To be able to cope with the death drive the subject projects some of his/her aggressiveness onto the external world represented by the mother. Resultantly the child recognizes the external world as divided within itself and populated by good and bad objects which are not good and bad in-themselves but become good or bad in relation to the other objects. Projective identification is another defence mechanism the child uses to cope with the difficulties of life. With projective identification, to protect the me and the internal good objects from a possible attack from the external bad object, the child projects the internal bad objects onto the external good object. The child confuses the external good objects, external bad objects, internal good objects, and internal bad objects. Everything is intermingled so the child becomes aggressive towards himself/herself and towards the external world. To cope with this difficult situation the child projects unities onto the external world and makes no distinction between the good and the bad. This means that the child has passed from the state of being governed by the death drive, to the state of being governed by the life drive.

In the third stage of development there is the depressive position. With the depressive position the child feels guilty for attacking not only the good object but also the bad object in the paranoid-schizoid position of introjection and projective identification. The child realizes that the loving and caring mother had been the target of paranoid attacks all this time. To compensate for the damage caused the child strives to make reparations to the relationship with the mother embodying the social reality. For Klein depressive anxiety is a sign of progress.

These psychic processes go on until the end of life. The child identifies his/her image on the mirror as himself/herself. Lacan calls Klein’s depressive position ‘the mirror-stage.’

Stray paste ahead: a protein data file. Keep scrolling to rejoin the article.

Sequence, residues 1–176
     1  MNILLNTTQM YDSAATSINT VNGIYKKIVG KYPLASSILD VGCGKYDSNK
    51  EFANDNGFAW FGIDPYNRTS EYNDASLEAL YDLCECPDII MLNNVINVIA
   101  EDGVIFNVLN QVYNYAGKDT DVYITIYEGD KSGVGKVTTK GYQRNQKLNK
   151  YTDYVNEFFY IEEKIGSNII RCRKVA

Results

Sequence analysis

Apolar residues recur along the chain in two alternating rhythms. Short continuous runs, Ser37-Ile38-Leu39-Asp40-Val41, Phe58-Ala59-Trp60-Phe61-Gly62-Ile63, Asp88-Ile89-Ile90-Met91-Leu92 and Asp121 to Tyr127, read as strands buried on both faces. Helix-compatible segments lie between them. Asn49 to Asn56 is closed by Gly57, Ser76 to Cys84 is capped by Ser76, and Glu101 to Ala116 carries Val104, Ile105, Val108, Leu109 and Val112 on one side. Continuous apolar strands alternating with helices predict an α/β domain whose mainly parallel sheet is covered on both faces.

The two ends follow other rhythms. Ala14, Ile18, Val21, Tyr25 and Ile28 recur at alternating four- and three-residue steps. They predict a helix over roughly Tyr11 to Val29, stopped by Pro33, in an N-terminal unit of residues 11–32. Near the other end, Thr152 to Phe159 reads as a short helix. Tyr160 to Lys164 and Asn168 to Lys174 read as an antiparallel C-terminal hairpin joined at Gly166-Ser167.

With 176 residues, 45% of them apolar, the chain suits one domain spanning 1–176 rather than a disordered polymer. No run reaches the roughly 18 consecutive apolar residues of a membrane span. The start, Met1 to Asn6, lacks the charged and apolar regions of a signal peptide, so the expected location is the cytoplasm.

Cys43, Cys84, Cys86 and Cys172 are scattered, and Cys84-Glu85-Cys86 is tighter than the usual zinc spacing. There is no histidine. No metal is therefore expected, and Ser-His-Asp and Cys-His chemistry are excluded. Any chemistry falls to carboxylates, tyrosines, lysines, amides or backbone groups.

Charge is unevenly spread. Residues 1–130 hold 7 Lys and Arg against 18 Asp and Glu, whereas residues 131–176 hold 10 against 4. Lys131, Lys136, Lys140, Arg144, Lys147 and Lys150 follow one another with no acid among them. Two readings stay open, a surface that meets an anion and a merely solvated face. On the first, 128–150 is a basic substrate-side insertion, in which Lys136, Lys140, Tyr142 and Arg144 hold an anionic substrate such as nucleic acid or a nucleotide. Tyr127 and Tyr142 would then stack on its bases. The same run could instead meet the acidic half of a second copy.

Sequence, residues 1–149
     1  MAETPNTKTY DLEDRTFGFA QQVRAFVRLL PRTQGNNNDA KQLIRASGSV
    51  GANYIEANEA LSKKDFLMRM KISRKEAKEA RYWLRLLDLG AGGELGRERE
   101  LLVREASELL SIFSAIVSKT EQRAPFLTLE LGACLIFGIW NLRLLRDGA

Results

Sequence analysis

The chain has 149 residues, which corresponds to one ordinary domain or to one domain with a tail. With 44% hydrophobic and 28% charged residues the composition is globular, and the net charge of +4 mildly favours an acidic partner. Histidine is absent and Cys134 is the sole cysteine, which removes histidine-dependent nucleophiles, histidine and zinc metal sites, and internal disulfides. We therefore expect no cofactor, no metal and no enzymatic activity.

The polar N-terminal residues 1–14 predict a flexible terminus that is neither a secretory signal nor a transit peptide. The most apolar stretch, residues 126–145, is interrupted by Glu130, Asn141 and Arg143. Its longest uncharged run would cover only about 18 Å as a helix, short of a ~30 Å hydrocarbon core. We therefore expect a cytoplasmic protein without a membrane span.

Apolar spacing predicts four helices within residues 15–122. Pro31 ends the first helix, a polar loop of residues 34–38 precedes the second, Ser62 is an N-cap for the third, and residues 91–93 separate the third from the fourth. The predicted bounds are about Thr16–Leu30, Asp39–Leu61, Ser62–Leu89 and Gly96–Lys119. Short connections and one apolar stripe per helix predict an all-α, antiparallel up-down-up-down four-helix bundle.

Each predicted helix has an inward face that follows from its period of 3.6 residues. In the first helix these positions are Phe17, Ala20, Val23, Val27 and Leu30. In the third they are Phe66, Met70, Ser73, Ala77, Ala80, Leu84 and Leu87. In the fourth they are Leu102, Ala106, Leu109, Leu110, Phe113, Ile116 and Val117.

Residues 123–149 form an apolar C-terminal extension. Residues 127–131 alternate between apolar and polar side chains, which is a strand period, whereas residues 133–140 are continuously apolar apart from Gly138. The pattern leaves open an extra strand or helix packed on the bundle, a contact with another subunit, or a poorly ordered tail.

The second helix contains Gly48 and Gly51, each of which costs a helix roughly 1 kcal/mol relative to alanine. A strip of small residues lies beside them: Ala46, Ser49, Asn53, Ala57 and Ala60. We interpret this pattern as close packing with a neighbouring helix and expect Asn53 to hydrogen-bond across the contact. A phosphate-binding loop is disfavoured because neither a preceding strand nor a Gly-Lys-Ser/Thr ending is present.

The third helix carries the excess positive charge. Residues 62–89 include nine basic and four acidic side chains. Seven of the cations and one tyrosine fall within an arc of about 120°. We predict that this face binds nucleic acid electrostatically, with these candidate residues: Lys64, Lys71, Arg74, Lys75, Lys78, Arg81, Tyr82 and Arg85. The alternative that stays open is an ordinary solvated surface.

In the Lacanian sense, too, in which the imaginary, opposed to the symbolic but constantly imbricated with it, designates the basic lure of the ego, the definitive imprint of a stage before the Oedipus complex (which also continues after it), the durable mark of the mirror which alienates man in his own reflection and makes him the double of his double, the subterranean persistence of the exclusive relation to the mother, desire as a pure effect of lack and endless pursuit, the initial core of the unconscious (primal repression). All this is undoubtedly reactivated by the play of that other mirror, the cinema screen, in this respect a veritable psychical substitute, a prosthesis for our primally dislocated limbs.[2]

In the mirror stage, a period of imaginary and narcissistic identifications, the child believes in the illusion which he/she sees on the mirror. He/she sees himself/herself as a totality and believes that that’s what he/she really is. It is a period of conflict between the self as the other’s object of desire and the self as the subject sees it. The reflection on the mirror starts the process of introjection and projective-identification that will go on until death.

[…] the experience of the mirror as described by Lacan is essentially situated on the side of the imaginary (=formation of the ego by identification with a phantom, an image), even if the mirror also makes possible a first access to the symbolic by the mediation of the mother holding the child to the glass whose reflection, functioning here as the capitalized Other, necessarily appears in the field of the mirror alongside that of the child.[3]